You're part of a network of services that relies on referrals for efficient client service—employment supports, perhaps, or health services, or community services for youth or for homeless people or people with mental illness. It’s your job as a group of services or agencies to make sure people access the services they need efficiently and appropriately.
Perhaps it's working well. Perhaps it's not. How can you tell? How can you improve?
Network mapping helps you to visualize referral patterns
Network mapping creates pictures of referral patterns so you can explore what's happening, show off your successes, and pinpoint any opportunities to improve.
We begin by asking you about your network goals:
• Are you worried that certain services are abundant while others are missed?
• Are some population groups falling through the cracks?
• Are there regions which are generously served or underserved?
Answers to questions in this section help give meaning to the referral data we collect later in the survey.
It starts with a survey
Network maps are most useful when a high proportion of a network's members participate, so we try to get as high a response rate to the survey as possible.
We begin with a survey of network members themselves, and might ask questions about:
• services that each organization provides.
• population groups that are served or targeted.
• geographic areas covered—parts of a city, municipalities in a region, etc.
• size of the organization. Is it one person? A large institution?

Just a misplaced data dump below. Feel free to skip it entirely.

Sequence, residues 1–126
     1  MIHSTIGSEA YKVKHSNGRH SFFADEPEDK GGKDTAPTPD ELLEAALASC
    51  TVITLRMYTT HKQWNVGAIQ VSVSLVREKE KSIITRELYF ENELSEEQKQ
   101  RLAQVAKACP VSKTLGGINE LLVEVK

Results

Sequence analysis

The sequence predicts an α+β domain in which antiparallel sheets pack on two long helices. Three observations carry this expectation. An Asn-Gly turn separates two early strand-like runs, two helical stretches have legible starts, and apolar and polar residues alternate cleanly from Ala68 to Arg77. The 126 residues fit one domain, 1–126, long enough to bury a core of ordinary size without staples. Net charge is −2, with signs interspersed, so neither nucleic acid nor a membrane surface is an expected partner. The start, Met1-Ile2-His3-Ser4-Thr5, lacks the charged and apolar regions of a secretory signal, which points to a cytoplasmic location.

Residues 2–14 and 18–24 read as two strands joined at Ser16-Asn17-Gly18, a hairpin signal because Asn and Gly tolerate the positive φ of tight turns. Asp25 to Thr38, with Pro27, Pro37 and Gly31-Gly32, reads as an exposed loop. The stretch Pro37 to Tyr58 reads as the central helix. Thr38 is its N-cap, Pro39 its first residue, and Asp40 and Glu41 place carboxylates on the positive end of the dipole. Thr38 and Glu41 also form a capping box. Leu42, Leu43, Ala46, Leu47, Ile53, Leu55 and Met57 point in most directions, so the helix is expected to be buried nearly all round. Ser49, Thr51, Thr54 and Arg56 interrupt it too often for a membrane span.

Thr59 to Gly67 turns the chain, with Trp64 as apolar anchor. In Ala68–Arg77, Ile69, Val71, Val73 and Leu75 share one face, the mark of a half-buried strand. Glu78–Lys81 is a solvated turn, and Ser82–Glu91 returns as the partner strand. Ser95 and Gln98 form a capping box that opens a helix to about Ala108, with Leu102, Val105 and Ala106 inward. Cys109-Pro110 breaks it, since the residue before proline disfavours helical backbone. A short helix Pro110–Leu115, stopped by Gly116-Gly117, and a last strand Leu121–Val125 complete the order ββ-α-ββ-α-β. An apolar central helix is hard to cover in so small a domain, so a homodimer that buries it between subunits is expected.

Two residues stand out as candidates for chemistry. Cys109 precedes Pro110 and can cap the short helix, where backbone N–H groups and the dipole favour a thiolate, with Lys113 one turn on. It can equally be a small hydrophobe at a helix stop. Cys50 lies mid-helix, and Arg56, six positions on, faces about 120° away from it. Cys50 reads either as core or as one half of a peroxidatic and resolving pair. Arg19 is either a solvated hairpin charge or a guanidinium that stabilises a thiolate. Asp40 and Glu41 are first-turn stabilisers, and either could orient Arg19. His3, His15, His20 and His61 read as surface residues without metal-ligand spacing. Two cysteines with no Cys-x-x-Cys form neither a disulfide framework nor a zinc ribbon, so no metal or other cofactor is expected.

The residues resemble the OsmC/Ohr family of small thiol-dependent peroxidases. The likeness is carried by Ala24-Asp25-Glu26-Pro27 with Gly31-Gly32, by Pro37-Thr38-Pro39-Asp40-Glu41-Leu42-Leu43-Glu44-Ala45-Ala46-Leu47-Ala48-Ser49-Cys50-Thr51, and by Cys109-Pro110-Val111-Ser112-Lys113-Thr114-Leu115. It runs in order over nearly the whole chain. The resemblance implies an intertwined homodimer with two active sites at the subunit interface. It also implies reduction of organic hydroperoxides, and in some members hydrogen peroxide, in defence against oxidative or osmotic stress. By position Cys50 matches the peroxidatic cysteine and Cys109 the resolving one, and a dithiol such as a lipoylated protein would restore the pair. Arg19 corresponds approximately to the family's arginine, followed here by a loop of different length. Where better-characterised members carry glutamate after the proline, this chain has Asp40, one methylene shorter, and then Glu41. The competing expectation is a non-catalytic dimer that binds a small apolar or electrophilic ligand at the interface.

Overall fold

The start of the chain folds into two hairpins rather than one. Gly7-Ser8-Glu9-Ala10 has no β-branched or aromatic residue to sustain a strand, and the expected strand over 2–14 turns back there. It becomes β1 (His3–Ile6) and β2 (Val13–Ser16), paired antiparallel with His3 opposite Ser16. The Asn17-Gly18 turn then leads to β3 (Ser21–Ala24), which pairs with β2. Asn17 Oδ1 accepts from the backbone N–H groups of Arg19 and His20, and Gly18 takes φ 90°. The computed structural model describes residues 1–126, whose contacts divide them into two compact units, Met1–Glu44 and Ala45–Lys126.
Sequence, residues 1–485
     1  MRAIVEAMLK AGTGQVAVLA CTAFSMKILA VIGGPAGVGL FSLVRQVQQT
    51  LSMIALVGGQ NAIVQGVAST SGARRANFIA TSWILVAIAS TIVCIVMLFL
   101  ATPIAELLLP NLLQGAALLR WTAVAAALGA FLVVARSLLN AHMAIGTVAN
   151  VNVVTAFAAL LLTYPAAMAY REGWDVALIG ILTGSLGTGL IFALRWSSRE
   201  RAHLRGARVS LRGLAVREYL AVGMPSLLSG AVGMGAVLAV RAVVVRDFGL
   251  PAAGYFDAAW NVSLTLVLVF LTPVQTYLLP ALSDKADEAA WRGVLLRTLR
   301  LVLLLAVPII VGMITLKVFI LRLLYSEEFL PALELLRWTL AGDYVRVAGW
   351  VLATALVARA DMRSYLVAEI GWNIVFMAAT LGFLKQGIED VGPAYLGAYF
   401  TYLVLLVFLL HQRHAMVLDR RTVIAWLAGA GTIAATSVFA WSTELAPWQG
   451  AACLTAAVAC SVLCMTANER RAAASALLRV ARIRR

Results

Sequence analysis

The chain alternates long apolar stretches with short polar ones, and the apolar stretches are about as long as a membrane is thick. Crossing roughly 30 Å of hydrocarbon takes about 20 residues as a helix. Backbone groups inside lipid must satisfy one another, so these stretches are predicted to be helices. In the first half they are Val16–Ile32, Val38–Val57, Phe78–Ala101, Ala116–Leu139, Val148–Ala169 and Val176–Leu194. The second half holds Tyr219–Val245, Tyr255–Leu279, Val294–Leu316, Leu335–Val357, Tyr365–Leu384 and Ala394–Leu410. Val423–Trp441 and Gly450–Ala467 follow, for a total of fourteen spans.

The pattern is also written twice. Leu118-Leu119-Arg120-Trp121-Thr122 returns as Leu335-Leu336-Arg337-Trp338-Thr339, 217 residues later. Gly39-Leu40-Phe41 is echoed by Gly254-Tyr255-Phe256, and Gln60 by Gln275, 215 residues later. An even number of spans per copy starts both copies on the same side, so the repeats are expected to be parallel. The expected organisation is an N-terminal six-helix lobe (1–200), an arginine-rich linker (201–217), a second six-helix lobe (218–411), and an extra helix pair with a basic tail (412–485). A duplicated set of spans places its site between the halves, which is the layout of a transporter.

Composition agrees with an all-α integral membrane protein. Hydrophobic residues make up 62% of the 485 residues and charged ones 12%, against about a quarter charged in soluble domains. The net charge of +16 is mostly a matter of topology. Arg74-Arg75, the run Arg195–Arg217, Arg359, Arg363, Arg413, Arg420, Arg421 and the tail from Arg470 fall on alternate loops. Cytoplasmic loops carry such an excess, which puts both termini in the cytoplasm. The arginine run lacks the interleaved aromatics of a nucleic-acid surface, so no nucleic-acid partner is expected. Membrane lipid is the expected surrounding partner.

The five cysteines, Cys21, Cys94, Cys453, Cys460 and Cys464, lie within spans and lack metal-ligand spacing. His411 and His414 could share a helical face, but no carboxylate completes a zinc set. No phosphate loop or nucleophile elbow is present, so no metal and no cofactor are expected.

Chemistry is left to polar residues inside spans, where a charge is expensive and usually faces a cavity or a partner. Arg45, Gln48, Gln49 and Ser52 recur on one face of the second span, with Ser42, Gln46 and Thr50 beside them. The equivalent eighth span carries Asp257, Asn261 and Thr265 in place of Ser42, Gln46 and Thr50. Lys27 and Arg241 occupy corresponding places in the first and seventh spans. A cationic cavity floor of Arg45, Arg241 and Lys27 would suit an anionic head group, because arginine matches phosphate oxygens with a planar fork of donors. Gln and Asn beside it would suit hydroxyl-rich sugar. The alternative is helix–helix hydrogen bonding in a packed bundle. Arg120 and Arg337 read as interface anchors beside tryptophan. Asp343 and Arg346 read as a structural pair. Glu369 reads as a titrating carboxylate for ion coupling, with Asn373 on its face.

• age of the organization. Is it new? Has it been around for 20 years?
Do you already know this information? Great! We can put it straight into the dataset instead of asking questions.
We then ask questions about the referrals in your network:
• We find it is most accurate to ask this question backwards, "How often does <organization> refer clients TO YOU?"
This prevents respondents from over-answering, "Hmm, I sent someone there once, so I'll say yes!" and thus gives a clearer picture.
Maps show patterns
Once we've collected all the survey responses we can possibly collect, we're at the fun part: creating network maps and helping tease out the information that the network will find useful.
Using the referral data and the survey information about network members, we look for referral patterns that make sense, some that are surprising and some that could be improved.
We try to learn about the stories behind the maps, such as:
Why do certain members on the map have no connections?
- Is it true, or did they simply fail to answer the survey?
Do current referral patterns make sense, for example:
- Member A refers only annually to Member B?
- Member C receives frequent referrals from many other members although they have only 2 staff members?
By mapping your referral patterns, you can demonstrate the great work you’re already doing, and plan for more effective referrals in the future.